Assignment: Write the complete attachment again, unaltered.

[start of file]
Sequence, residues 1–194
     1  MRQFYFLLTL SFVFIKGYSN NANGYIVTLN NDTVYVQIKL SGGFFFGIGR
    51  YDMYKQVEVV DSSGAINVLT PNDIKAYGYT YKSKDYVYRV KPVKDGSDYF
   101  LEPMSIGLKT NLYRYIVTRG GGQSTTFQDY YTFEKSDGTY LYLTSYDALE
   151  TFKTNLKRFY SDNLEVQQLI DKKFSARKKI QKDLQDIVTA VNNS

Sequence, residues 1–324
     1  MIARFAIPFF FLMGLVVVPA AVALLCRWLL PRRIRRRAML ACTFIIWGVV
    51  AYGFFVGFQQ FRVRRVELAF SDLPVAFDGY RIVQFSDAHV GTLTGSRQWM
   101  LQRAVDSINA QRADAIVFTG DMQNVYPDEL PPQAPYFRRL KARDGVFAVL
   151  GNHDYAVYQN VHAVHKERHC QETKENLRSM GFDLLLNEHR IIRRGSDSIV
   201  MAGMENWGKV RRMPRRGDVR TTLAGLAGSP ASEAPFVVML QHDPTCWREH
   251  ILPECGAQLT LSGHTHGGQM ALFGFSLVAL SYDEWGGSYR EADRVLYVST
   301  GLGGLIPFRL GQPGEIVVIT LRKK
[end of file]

Sequence, residues 1–194
     1  MRQFYFLLTL SFVFIKGYSN NANGYIVTLN NDTVYVQIKL SGGFFFGIGR
    51  YDMYKQVEVV DSSGAINVLT PNDIKAYGYT YKSKDYVYRV KPVKDGSDYF
   101  LEPMSIGLKT NLYRYIVTRG GGQSTTFQDY YTFEKSDGTY LYLTSYDALE
   151  TFKTNLKRFY SDNLEVQQLI DKKFSARKKI QKDLQDIVTA VNNS

Sequence, residues 1–324
     1  MIARFAIPFF FLMGLVVVPA AVALLCRWLL PRRIRRRAML ACTFIIWGVV
    51  AYGFFVGFQQ FRVRRVELAF SDLPVAFDGY RIVQFSDAHV GTLTGSRQWM
   101  LQRAVDSINA QRADAIVFTG DMQNVYPDEL PPQAPYFRRL KARDGVFAVL
   151  GNHDYAVYQN VHAVHKERHC QETKENLRSM GFDLLLNEHR IIRRGSDSIV
   201  MAGMENWGKV RRMPRRGDVR TTLAGLAGSP ASEAPFVVML QHDPTCWREH
   251  ILPECGAQLT LSGHTHGGQM ALFGFSLVAL SYDEWGGSYR EADRVLYVST
   301  GLGGLIPFRL GQPGEIVVIT LRKK